There are also other factors that are thought to increase the risk of ADHD. Some studies show a possible correlation between ADHD and the use of cigarettes, alcohol or other drugs during pregnancy, as well as exposure to toxins (lead, for example) during pregnancy. Environmental factors can also influence the risk of having ADHD, such as birth complications, premature birth, low birth weight and brain injuries.

Impact

The impact of ADHD on the life of the individual

If not treated properly, ADHD can have a severe impact on the emotional and social aspects of one’s life – from childhood right into adulthood.

ADHD in children
Children with untreated ADHD have difficulty interacting with other children and might seem reclusive, as they enjoy spending time alone. They often struggle with following a family routine, and can’t complete homework or school tasks, which results in poor academic performance. This can have a serious impact on the parents of the child with ADHD, who battle to control and understand their child, and can’t seem to establish any family cohesion.

 ADHD in adolescents
In teens, ADHD can affect all important spheres of life – academics, peer relationships, family relationships and life skills learnt during this time, such as driving. Teens with ADHD struggle with academic performance and show higher rates of absenteeism, which has a ripple effect throughout their lives – adolescents with ADHD are less likely to enrol in university. They also find it hard to establish and maintain bonds with those around them – parental relationships are also strained as a result.

ADHD in adults
Adults with untreated ADHD are often maladjusted, immature and less likely to fit in with their peers. There’s a higher rate of divorce amongst adults with unmanaged ADHD, as they battle to maintain stable relationships. Their careers also take a hit – adults with ADHD have increased work difficulties, frequent changes in employment and higher rates of quitting. ADHD has an effect on the social lives of adults – they’re more likely to engage in addictive behaviours such as smoking, alcohol abuse and drugs.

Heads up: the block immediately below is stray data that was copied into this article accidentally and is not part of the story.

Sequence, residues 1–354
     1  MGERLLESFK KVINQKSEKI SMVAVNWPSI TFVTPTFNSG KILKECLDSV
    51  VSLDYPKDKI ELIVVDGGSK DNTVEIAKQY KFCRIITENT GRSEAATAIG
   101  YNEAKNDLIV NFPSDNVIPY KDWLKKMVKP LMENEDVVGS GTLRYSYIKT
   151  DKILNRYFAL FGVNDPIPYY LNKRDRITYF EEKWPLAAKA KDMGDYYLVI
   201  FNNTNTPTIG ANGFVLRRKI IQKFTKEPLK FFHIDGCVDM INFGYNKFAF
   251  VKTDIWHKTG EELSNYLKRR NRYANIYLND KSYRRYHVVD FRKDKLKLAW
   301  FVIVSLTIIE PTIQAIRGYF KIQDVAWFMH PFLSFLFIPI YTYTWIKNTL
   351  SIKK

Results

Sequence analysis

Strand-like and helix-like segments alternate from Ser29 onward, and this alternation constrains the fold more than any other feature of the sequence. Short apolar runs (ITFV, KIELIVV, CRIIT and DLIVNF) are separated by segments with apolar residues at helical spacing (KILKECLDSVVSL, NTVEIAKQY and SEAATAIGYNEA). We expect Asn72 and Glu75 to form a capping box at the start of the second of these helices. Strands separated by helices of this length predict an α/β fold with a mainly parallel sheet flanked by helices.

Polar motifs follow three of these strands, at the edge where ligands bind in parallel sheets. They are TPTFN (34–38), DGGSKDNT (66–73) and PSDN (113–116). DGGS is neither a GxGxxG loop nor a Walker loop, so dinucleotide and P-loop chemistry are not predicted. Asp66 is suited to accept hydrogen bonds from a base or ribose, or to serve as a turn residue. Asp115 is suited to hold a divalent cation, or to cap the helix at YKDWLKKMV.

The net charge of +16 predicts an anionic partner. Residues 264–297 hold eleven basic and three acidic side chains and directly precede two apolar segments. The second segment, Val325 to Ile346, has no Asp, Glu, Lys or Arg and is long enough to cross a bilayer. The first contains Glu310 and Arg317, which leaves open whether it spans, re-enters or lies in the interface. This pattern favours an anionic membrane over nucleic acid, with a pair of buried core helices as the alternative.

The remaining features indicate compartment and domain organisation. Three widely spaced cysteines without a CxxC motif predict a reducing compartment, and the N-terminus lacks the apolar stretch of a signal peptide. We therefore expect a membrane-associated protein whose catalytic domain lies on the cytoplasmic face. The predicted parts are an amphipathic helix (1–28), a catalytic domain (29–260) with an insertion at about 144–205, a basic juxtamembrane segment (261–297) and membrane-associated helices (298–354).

With the right treatment, however, ADHD can be effectively managed – drastically reducing the potential impact of the disorder and giving the individual with ADHD the best possible quality of life.

treatment

How to treat ADHD

ADHD affects all aspects of a patient’s life, which is why a comprehensive and collaborative treatment plan is the best possible way to manage the condition. Teachers, employees and family members need to work together and communicate openly to ensure the person living with ADHD feels supported and understood.

Pharmacotherapy (medication) has shown to be an effective first-line therapy when treating ADHD, but medication should be used in conjunction with behavioural therapy and psychotherapy to successfully manage ADHD. Medications work to improve the key symptoms of ADHD: inattention, hyperactivity and impulsivity. The medications licensed in South Africa to treat ADHD are Methylphenidate and Atomoxetine.

It’s vital to work closely with a healthcare professional to find an effective, holistic treatment plan that works for the individual.

x
×